Douglas County is one of two counties in the state that will remain at the “extreme risk” level for the next two-week period, beginning Friday.
The county had 273 new cases over the previous two weeks, or 243 per 100,000. That’s well above the 200 cases per 100,000 population limit.
Coos County is the other county at extreme risk. Many counties across the state have moved in the opposite direction. Benton, Jefferson and Josephine counties dropped from the extreme category, the highest of four categories, down to the high risk level.
Currently, 13 counties are at lower risk, 12 at moderate risk and nine at high risk.
“We are largely seeing case rates decline across the state, with the most counties in the Lower Risk level since the framework was introduced in November,” Gov. Kate Brown said in a press release Tuesday.
“This should serve as a reminder that when we follow the health and safety measures we know work against this virus, we can truly make a difference in infection spread. But, we still have more work to do before we reach the level of community-wide protection we need in order to return to a sense of normalcy,” she said.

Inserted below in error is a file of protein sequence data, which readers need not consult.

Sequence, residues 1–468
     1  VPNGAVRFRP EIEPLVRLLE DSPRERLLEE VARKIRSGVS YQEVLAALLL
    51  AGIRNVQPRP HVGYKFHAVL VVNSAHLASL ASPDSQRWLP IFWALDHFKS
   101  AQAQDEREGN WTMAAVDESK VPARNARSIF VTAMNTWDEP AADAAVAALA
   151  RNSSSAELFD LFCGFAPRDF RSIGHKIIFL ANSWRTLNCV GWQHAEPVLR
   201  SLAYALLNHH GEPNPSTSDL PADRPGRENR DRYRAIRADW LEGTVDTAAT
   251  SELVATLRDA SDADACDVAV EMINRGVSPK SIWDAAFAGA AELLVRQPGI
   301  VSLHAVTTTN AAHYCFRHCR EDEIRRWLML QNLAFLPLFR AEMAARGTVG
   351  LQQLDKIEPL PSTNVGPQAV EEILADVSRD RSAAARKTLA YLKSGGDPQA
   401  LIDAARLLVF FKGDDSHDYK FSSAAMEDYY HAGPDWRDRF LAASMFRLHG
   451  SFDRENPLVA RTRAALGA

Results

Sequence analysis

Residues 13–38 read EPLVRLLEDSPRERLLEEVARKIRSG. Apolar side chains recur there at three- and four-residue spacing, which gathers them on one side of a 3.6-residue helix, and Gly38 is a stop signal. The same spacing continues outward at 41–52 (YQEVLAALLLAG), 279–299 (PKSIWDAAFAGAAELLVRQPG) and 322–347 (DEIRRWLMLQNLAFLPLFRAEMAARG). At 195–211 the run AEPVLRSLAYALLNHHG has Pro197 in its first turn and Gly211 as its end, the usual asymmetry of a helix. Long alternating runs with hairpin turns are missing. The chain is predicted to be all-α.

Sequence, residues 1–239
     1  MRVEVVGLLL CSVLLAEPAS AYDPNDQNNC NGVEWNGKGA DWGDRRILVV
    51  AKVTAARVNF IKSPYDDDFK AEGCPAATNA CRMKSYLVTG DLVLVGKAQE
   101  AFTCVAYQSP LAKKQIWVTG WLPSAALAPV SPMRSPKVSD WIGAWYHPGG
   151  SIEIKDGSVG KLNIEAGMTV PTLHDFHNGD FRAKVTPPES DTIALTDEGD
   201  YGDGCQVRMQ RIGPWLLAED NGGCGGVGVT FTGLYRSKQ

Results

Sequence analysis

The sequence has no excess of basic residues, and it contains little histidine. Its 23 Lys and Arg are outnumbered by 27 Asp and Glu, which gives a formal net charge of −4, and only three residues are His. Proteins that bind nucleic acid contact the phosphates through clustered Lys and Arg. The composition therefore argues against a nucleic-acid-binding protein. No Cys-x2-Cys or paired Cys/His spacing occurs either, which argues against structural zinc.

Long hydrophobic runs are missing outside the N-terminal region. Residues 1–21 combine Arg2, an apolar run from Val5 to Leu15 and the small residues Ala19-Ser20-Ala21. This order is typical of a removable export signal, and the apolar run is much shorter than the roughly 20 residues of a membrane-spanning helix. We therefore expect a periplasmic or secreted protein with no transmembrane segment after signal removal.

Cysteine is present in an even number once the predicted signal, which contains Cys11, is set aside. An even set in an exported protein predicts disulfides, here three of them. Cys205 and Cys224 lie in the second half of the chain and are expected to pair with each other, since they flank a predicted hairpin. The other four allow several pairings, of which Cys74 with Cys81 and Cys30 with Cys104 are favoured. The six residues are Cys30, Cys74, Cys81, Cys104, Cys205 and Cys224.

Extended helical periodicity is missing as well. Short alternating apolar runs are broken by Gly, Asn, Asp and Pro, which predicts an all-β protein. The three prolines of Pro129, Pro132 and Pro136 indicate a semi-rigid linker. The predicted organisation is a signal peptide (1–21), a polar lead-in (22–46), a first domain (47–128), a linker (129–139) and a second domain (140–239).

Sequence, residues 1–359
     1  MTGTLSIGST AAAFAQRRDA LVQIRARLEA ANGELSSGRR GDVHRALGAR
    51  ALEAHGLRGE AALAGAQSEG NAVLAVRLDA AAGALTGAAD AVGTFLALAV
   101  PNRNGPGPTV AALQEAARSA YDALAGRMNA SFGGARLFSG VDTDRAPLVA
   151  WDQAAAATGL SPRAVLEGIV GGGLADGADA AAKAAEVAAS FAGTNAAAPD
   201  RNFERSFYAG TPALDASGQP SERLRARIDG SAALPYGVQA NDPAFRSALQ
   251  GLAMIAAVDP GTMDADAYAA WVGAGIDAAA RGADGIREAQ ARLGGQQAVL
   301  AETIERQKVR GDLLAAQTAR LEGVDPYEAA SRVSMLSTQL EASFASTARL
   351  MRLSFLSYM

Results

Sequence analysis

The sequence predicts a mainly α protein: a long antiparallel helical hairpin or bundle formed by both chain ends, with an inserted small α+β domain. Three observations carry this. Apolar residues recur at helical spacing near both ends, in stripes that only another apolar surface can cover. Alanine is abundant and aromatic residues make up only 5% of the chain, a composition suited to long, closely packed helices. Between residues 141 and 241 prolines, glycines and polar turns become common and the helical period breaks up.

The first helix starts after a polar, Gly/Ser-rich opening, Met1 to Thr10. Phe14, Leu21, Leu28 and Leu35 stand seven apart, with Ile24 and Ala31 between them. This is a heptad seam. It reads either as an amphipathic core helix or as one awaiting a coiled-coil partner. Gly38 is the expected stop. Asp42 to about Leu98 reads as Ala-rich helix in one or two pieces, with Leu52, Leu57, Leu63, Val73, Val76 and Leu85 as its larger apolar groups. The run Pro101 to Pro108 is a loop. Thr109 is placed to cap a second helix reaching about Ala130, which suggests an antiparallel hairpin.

The Douglas County COVID-19 Response Team reported 13 new cases Tuesday.
Douglas County and the Douglas Public Health Network are organizing a mass drive-thru COVID-19 vaccination clinic to be held Saturday for county residents 65 and older.
Additional information will be available online Wednesday afternoon at nrtoday.com.
Both Pfizer and Johnson & Johnson vaccines will be available.
Appointments are required to participate.
Seniors can contact their regular healthcare providers to seek appointments to receive a vaccination. Seniors whose providers aren’t offering shots are being encouraged by health officials to seek referrals or reach out to their regular pharmacy.